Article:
French National Monuments

There are numerous tourist classifications used in France, from ‘most beautiful village’ to ‘most beautiful stopover town’ but there is one that stands above the other, because it is government operated – the schedule of French National Monuments.

However the list is not a simple role-call of all the famous places: the Eiffel tower, for example, is NOT a listed historic monument. Rather it is a list that includes a fascinating mix of places, some of which are very well known (eg the Arc de Triomphe or Mont Saint Michel Abbey) while other’s are much less known (eg George Sand’s House or the displays in Tarbes dedicated to Marshall Foch).

Altogether there are 85 of these listed National Monuments, with something for everyone who is visiting France, whichever region they are going to. Here are a few suggestions:

Brittany Prehistoric Sites

Brittany (north-east france) is renowned worldwide for its prehistoric monuments. Chief among these are the standing stones of Carnac; the Megaliths of Locmariaquer (three very important prehistoric structures in close proximity); and the Cairn de Barnenez – probably the oldest building structure in europe, and constructed 2000 years before the Egyptian pyramids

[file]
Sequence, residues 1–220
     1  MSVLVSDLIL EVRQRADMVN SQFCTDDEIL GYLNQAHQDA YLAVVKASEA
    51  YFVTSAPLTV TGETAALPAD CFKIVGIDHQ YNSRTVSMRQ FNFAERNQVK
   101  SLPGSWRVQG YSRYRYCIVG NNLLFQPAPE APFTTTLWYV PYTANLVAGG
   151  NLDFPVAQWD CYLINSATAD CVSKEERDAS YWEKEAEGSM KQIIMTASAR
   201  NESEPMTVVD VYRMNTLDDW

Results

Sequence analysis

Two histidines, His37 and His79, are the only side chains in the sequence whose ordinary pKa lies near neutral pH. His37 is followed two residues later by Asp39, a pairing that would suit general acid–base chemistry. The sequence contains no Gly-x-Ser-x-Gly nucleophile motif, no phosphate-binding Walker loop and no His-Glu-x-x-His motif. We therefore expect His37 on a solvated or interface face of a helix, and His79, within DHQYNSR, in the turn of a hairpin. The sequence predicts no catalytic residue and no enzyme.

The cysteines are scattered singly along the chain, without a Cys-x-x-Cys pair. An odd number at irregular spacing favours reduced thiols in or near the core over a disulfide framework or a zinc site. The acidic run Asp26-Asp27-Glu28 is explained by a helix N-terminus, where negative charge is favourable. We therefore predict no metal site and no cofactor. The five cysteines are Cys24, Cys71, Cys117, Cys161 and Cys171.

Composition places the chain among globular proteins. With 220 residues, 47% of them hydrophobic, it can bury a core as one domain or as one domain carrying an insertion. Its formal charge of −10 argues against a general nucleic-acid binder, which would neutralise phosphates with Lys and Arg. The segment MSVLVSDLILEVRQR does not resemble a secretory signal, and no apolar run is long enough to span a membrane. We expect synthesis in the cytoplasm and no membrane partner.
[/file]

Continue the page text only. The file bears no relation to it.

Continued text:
Vezere Valley caves

A remarkable number of ‘decorated caves (ie caves decorated by prehistoric man) are found in the Vezere Valley, in the Dordogne region of south-west France, and several of these are now protected as Historic monuments. These include the carved sculptures in the Abri de Cap Blanc; the multi-coloured paintings in the Cave of Font-de-Gaume; the large sheltered prehistoric dwelling at Laugerie-Haute; and several others as well!


Several important monuments are listed in and around Paris. Visit the Chateau de Vincennes, home to 700 years of royal families; then to the basilica of Saint-Denis to see where many of the French royals were buried, in a very impressive gothic cathedral. In central Paris the Conciergerie, Arc de Triomphe, Pantheon and Notre-Dame cathedral are all included, after which you will deserve a cafe in a quiet Montmartre cafe!


There are too many grand castles to mention here, a sprinkling of abbeys, and a wide range of other great buildings. I’ve saved one in particular for last because it is so different to the others on the list – the Villa Savoye. This white concrete building was designed by the great french architect le Corbusier, built in the 1920″s, and is already listed as a national monument – and rightly so, for the role it played in changing the face of architecture all around the world ever since.